Camden is an anthropomorphized cat attending high school. He grapples with his sexuality and how to reveal it to his best friend in Jon Allen’s graphic novel The Lonesome Era.
Camden inhabits a late-1990s American Rust Belt town that has seen its best days. He and his best buddy Jeremiah skateboard, attend rock concerts at the local VFW, play video games, deal with bullies, and engage in other typical teenage activities. Complicating matters is the fact that Camden has realized that he’s gay and that he has feelings for Jeremiah.
The characters and situations of The Lonesome Era originated in Allen’s ongoing comic Ohio For Sale. The Lonesome Era reprints those issues, but also adds over two hundred pages of original material to provide the complete story in one volume. Allen’s cartoon-animal style is deceptively simple; it conveys a number of subtle feelings and reactions with pinpoint accuracy and creates a fully lived-in feeling to Camden’s world with its attention to telling details.
Allen strikes a funny, breezy tone that makes the book quick and enjoyable, but doesn’t gloss over the emotional hazards of Camden’s situation. Crude as he is at times, Jeremiah proves accepting of his friend’s sexuality, though making it clear that he’s interested in friendship and nothing more. It’s a happy ending that, even if it is somewhat idealized, is an inspiring model of how friendship can overcome apparent obstacles.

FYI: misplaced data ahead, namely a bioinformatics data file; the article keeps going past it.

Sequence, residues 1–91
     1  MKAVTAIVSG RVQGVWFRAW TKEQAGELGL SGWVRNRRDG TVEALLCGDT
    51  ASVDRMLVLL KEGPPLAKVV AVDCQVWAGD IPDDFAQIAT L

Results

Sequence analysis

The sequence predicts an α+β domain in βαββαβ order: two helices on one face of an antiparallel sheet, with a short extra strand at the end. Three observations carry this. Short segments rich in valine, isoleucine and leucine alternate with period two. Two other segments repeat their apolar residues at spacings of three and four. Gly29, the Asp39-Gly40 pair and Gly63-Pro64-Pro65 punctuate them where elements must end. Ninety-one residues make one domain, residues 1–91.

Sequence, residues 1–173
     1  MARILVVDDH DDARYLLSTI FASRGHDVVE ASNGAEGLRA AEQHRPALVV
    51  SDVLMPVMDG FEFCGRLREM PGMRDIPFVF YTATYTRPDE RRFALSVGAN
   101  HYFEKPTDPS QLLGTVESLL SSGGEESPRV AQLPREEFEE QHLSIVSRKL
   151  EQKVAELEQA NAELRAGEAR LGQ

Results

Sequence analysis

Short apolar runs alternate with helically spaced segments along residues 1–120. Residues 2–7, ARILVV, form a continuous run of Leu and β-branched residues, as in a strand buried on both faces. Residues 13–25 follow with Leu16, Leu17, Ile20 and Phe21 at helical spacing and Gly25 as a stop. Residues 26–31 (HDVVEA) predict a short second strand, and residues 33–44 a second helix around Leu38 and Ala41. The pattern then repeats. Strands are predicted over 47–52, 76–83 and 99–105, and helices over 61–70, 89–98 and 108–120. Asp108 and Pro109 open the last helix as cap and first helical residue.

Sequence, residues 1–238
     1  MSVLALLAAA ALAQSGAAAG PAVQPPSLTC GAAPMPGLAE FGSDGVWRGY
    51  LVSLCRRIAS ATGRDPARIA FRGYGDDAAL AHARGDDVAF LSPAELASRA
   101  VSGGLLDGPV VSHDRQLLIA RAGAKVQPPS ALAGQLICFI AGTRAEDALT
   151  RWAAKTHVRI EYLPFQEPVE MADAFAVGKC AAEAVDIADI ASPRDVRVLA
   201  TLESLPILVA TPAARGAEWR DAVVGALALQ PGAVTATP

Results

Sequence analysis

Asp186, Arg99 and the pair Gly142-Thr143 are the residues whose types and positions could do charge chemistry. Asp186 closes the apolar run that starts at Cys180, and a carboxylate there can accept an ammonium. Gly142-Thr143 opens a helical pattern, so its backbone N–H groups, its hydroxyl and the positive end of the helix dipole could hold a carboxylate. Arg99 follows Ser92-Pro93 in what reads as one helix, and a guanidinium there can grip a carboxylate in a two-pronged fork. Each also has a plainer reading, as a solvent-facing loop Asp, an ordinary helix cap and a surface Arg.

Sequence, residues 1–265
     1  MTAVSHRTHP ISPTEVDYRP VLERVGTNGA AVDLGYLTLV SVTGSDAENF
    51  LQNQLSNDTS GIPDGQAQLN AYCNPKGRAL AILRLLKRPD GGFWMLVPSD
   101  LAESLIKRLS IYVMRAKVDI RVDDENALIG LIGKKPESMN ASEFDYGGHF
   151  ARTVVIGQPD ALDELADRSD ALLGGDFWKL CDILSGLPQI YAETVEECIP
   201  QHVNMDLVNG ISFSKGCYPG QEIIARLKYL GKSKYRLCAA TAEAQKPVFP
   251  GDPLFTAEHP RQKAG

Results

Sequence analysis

Disclosure: This article is not an endorsement, but a review. The publisher of this book provided free copies of the book to have their book reviewed by a professional reviewer. No fee was paid by the publisher for this review. Foreword Reviews only recommends books that we love. Foreword Magazine, Inc. is disclosing this in accordance with the Federal Trade Commission’s 16 CFR, Part 255.